Saturday, November 18, 2006

Sponge 1 Neomedia 0

Some of you may be aware by now that Neomedia has sold Sponge back to its founders for US$250k (official press release). The official line is that Neomedia wants to focus on its qode product (which is a QR code technology recently used in the One Water campaign). However, reading between the lines, it seems that Neomedia's share price has plunged leaving them unable to fulfil their contractual (and financial) obligations to complete the Sponge acquisition deal. Neomedia retains a 7.5% stake and Sponge's founder shareholders keep just over US$6m of the original purchase price. Seems to me that they've played a blinder and that the picture of a champagne bottle on their official news page is very telling ;)

Alex Meisl, founder and CEO of Sponge says, "Sponge is going from strength to strength - business has doubled since the beginning of the year in both the media and agency space." He continues, "We have also grown the team whilst remaining wedded to our belief of great products and great service." (That's good advice to *any* business IMHO)

The company will continue to be run by the existing management team.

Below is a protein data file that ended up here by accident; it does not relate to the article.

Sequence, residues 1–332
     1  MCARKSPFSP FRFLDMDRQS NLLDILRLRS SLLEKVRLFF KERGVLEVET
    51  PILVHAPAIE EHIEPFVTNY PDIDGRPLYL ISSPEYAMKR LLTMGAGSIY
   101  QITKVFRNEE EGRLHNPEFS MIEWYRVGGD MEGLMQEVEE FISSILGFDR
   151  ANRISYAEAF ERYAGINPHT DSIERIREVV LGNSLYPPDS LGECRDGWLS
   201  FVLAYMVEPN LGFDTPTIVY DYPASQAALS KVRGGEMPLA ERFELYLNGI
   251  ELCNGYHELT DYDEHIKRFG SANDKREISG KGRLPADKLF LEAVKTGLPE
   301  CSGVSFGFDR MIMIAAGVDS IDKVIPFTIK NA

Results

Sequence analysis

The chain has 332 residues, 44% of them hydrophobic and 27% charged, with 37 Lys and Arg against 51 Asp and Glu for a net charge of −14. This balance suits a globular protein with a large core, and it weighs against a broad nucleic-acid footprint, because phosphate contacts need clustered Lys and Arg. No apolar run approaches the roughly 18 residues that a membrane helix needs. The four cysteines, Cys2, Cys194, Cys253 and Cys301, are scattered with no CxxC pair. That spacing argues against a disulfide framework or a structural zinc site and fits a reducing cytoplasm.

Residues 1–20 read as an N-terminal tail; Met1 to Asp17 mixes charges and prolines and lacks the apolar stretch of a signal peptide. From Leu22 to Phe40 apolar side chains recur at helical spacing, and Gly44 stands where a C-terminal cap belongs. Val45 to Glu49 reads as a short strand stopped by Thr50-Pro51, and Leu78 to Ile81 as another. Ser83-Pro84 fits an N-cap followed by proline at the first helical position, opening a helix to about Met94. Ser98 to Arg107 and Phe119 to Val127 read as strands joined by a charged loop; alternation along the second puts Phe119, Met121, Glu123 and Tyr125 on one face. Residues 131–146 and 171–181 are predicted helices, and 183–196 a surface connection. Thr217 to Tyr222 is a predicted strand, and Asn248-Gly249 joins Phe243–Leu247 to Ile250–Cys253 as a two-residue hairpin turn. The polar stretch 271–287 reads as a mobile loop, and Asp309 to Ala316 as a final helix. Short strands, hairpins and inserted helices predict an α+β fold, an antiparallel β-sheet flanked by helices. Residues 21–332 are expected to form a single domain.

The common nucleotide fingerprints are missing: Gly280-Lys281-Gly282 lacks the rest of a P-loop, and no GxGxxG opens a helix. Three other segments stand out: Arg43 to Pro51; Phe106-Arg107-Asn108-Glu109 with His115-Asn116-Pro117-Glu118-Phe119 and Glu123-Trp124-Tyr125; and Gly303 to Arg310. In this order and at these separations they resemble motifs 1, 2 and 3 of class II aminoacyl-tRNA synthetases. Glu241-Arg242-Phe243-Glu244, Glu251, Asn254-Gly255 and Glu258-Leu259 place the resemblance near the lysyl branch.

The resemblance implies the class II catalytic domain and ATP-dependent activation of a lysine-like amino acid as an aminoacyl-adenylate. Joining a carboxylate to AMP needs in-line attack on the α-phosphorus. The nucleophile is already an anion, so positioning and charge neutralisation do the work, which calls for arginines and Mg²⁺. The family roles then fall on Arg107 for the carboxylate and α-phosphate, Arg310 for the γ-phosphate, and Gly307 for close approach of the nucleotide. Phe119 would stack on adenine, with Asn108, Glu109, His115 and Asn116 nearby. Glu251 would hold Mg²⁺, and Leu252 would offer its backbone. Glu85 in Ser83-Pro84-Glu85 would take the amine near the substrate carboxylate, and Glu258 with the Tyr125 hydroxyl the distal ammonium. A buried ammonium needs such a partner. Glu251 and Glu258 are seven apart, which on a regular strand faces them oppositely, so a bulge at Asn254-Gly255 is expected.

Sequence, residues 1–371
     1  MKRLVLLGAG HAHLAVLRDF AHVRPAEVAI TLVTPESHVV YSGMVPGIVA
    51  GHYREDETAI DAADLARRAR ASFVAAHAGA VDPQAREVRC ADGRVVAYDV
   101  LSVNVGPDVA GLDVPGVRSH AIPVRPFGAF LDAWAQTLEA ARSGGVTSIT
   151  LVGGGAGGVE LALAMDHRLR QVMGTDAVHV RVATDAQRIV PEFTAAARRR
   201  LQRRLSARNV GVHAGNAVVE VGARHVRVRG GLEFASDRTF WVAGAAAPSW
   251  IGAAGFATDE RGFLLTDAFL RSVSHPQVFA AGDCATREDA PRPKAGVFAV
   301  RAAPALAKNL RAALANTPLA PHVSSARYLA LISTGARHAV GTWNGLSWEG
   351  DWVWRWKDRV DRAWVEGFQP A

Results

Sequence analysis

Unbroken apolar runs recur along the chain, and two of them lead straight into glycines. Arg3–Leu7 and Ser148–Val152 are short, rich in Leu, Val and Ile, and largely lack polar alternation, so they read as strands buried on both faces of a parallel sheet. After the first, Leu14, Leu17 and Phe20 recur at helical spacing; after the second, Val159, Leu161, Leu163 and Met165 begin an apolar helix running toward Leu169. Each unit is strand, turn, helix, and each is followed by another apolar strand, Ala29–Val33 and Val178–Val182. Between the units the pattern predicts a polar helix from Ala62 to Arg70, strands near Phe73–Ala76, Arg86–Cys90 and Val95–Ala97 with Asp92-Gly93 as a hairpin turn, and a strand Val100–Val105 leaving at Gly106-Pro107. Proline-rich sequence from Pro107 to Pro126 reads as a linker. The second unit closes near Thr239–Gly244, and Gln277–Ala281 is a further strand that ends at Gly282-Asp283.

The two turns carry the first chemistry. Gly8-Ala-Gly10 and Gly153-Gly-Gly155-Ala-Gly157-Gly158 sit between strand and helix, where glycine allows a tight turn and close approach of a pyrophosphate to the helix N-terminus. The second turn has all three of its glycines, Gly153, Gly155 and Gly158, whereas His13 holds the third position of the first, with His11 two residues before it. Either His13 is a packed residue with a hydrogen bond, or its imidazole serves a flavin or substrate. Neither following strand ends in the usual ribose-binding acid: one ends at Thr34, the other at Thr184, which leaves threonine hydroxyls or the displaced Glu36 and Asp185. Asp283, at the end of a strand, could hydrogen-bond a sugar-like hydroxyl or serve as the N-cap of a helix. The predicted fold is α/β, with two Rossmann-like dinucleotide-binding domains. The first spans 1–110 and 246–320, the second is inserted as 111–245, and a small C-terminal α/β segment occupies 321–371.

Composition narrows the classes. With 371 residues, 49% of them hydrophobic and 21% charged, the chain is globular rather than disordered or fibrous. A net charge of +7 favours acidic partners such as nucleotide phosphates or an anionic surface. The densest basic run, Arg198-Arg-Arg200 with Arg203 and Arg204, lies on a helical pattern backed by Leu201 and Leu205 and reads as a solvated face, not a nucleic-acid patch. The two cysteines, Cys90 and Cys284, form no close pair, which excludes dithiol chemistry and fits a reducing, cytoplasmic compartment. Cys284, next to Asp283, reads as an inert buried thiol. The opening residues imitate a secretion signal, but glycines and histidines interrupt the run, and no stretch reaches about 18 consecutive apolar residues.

1. Anonymous6:40 pm GMT

    Qcode is not a QR Code at all. It is a proprietory code. Check QR Codes at

  2. Anonymous7:49 pm GMT

    I take it you're not a finance and/or accounting major ;)

    NEOM paid $6,141 in cash and 33,097,135 in stock x .395 = $13,073,368, plus NEOM paid closing cost for a total purchase price of $19,408,000.

    NEOM also assumed the liabilities of Sponge, in the $19,214,368, purchase price in the amount of $716,000, of which most all of this was their accounts payable.

    During the past 6 months, Sponge HAS NOT SHOWN A PROFIT.

    Here is their 1 year break down:

    Past 3 months: Income $265,000. Net Income (Loss) (420,000.)

    Past 6 months: Income $1,488,000. Net Income (Loss) (458,000.)

    3 months 9/30/05 Income $609,000. Net Income $53,000.

    9 months 9/30/2005 Income $1,544,000. Net Income $172,000.

    Contributing financial losses after a company sold (to a public corporation) their hyped goodwill, and positive financial position, generally would cause me, or other accounting professionals (in my opinion), to have concerns regarding internal controls, and a company's ability to manage revenue and cost pricing controls, although, charitable contributions of a company's services, might be a minor percentage of cost reporting, reflected in their gross profit percentage and net losses.

    That being said ... With NeoMedia's financial position, they could not afford to "absorb" Sponge's present losses. If NeoMedia had a warchest of money, then yes maybe. But at this point in time, NeoMedia Management had no other choice but to trim the fat.

    Oh and by the way, the $6 Million in cash is long gone from Sponge owners' pockets.

    Best to you :)

    From a fellow Mobile Marketer

  3. @anonymous 1
    I realise qode is proprietary but it is a qr-code type technology. And I'm guessing that's why it's called qode...

    @anonymous 2
    No, I'm not a finance or accounting major, that's why I do marketing;) I merely report what I see or hear or as I understand it in layman's terms. Perception is reality 'n all.